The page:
Unconstitutional Quartering, Governmental Immunity, and Van Halen’s Brown M&M Test

by Tom W. Bell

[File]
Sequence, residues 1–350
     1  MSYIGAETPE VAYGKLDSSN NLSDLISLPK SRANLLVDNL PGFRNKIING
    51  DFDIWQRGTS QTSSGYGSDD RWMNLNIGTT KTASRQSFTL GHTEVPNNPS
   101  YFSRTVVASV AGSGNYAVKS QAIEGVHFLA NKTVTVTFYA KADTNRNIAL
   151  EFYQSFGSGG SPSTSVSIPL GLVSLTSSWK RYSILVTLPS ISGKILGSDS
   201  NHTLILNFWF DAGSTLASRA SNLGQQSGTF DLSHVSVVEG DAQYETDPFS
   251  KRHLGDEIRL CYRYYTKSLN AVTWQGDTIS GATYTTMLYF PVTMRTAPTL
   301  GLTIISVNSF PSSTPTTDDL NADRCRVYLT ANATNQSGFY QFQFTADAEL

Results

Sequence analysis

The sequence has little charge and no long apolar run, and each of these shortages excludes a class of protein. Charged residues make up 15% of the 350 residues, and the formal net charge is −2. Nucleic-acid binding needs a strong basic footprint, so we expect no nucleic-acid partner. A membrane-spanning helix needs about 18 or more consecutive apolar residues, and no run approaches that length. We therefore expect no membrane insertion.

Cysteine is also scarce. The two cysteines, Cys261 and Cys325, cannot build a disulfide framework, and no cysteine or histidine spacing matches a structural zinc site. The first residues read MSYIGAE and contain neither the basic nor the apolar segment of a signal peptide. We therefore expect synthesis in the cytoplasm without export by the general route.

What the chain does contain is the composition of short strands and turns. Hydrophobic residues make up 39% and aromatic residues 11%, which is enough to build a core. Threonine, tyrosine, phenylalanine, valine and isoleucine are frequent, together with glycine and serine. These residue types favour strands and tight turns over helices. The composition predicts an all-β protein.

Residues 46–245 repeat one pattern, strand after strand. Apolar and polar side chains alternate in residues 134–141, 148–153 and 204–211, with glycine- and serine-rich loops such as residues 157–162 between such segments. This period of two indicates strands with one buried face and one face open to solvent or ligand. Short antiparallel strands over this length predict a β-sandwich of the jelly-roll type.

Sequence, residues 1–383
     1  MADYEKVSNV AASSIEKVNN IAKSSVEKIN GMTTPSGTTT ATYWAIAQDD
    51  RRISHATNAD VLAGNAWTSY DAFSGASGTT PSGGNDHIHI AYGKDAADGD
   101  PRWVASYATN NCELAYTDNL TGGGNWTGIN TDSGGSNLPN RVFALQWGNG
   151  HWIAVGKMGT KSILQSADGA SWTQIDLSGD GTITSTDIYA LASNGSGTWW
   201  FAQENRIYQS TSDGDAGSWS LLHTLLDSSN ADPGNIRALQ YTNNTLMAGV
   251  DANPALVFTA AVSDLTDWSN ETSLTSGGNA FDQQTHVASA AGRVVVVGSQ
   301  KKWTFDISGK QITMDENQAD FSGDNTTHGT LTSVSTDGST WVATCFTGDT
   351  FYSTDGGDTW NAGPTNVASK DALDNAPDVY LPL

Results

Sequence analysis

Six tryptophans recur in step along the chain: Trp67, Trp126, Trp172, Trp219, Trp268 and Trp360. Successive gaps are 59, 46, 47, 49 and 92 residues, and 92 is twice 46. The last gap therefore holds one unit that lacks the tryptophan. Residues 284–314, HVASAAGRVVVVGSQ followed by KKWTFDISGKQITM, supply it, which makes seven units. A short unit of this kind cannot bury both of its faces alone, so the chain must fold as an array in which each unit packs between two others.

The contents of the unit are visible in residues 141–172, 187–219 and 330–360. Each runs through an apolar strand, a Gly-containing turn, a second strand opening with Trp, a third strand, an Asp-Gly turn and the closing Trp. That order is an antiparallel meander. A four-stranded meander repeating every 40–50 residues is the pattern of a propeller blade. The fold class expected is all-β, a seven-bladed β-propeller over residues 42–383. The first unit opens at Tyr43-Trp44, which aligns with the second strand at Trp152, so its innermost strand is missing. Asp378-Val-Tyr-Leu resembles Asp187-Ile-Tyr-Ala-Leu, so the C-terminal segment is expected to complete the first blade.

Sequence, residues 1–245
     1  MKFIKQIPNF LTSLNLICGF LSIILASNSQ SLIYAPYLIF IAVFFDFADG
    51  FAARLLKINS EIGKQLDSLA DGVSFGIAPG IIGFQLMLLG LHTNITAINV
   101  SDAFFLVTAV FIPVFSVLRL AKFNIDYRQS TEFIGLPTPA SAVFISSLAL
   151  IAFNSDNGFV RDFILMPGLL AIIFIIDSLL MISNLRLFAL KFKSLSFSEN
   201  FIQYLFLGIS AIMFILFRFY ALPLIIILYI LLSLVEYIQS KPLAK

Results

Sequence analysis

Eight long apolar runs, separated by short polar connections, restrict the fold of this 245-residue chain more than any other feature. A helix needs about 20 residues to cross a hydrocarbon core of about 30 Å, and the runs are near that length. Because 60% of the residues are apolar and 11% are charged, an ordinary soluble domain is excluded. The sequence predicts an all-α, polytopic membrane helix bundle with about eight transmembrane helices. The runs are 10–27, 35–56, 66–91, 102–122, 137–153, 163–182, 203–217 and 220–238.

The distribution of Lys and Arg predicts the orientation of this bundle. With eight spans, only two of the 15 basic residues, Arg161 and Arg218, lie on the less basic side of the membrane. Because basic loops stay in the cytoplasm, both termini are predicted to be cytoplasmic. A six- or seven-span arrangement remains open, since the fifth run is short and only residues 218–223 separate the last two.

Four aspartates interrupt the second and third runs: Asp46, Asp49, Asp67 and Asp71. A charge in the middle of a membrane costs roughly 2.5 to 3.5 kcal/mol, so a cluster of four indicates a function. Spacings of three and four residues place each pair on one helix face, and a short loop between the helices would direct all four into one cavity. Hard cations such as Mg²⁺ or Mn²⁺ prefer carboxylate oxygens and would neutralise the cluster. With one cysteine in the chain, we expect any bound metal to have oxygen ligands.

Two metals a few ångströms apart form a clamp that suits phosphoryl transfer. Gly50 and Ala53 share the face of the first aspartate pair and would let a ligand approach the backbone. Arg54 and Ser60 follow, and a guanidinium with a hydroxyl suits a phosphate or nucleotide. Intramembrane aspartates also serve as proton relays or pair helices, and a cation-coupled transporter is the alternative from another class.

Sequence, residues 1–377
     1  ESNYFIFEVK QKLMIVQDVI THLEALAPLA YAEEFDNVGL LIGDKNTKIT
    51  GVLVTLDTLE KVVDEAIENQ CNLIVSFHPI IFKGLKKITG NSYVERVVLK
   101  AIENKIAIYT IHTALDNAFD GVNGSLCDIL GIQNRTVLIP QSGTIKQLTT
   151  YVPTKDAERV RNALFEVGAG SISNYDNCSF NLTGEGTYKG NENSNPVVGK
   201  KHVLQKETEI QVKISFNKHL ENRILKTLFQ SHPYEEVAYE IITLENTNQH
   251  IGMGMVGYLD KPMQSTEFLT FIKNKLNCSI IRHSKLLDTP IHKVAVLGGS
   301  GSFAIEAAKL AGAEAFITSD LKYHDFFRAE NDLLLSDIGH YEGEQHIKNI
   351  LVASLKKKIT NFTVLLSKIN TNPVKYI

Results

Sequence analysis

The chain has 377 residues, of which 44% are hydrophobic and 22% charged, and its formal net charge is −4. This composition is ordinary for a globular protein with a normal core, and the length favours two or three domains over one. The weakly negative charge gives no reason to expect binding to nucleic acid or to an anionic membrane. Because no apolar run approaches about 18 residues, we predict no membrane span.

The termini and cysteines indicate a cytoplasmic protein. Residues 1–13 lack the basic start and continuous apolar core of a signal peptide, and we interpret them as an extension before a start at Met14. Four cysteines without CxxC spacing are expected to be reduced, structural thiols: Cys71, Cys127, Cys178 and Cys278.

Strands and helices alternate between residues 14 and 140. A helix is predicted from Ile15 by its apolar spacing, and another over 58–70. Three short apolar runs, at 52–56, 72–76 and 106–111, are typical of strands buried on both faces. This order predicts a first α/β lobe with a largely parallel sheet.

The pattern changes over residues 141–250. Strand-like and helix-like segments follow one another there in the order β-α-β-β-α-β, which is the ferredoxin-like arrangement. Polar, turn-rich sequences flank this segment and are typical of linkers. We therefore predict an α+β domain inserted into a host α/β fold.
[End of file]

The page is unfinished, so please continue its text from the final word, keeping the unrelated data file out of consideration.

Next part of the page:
The jurisprudence of the Third Amendment, which limits the quartering of troops in private homes, effectively consists of just one case: Engblom v. Carey. But what a case! In addition to showcasing an unjustly neglected corner of our constitutional heritage, Engblom demonstrates the troubling effects of a dubious legal doctrine: governmental immunity. Though the court of appeals had held New York officials potentially liable for violating the Third Amendment when they had quartered National Guard troops in the dormitory rooms of striking prison guards, the lower court on remand in Engblom denied the plaintiffs a remedy. Why? Because throughout the United States, all levels of government—federal, state, and local—enjoy immunity from civil lawsuits. Courts have moreover extended this privilege from sovereigns to their officials; hence Engblom’s refusal to hold New York officials liable for violating the Third Amendment and various common law rights. Few people today worry about the quartering of troops. More people should worry, though, about governmental immunity. Inspired by the sort of royal privileges that the Constitution expressly rejects, and invented by public officials all too eager to exempt themselves from ordinary civil liability, governmental immunity can claim neither an honorable pedigree nor very convincing policy justifications. Like brown M&Ms backstage at a Van Halen concert, the Engblom court’s refusal to remedy violations of the Third Amendment signals a more serious problem: The doctrine of governmental immunity leaves the victims of wrongdoing by sovereigns and their officials without judicial relief. We would do better to treat the government the way that the common law treats private communities, relying on independent third parties to adjudicate disputes and holding both the community and its agents liable for their wrongs.

 

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